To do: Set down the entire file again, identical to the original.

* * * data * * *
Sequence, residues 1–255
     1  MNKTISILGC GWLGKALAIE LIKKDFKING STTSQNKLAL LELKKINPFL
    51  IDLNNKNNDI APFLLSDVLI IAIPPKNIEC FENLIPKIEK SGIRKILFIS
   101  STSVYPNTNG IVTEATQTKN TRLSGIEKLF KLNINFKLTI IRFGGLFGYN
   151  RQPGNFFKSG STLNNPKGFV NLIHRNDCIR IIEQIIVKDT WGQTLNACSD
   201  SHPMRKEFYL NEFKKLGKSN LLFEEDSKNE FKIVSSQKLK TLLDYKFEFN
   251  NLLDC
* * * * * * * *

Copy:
Sequence, residues 1–255
     1  MNKTISILGC GWLGKALAIE LIKKDFKING STTSQNKLAL LELKKINPFL
    51  IDLNNKNNDI APFLLSDVLI IAIPPKNIEC FENLIPKIEK SGIRKILFIS
   101  STSVYPNTNG IVTEATQTKN TRLSGIEKLF KLNINFKLTI IRFGGLFGYN
   151  RQPGNFFKSG STLNNPKGFV NLIHRNDCIR IIEQIIVKDT WGQTLNACSD
   201  SHPMRKEFYL NEFKKLGKSN LLFEEDSKNE FKIVSSQKLK TLLDYKFEFN
   251  NLLDC